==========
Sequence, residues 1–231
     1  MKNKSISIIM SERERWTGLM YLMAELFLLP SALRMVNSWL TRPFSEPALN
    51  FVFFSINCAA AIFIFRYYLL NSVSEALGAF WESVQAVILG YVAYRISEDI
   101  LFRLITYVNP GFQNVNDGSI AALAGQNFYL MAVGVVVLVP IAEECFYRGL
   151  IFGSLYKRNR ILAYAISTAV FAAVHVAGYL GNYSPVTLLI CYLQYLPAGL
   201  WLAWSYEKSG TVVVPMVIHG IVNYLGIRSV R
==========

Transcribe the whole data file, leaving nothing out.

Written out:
Sequence, residues 1–231
     1  MKNKSISIIM SERERWTGLM YLMAELFLLP SALRMVNSWL TRPFSEPALN
    51  FVFFSINCAA AIFIFRYYLL NSVSEALGAF WESVQAVILG YVAYRISEDI
   101  LFRLITYVNP GFQNVNDGSI AALAGQNFYL MAVGVVVLVP IAEECFYRGL
   151  IFGSLYKRNR ILAYAISTAV FAAVHVAGYL GNYSPVTLLI CYLQYLPAGL
   201  WLAWSYEKSG TVVVPMVIHG IVNYLGIRSV R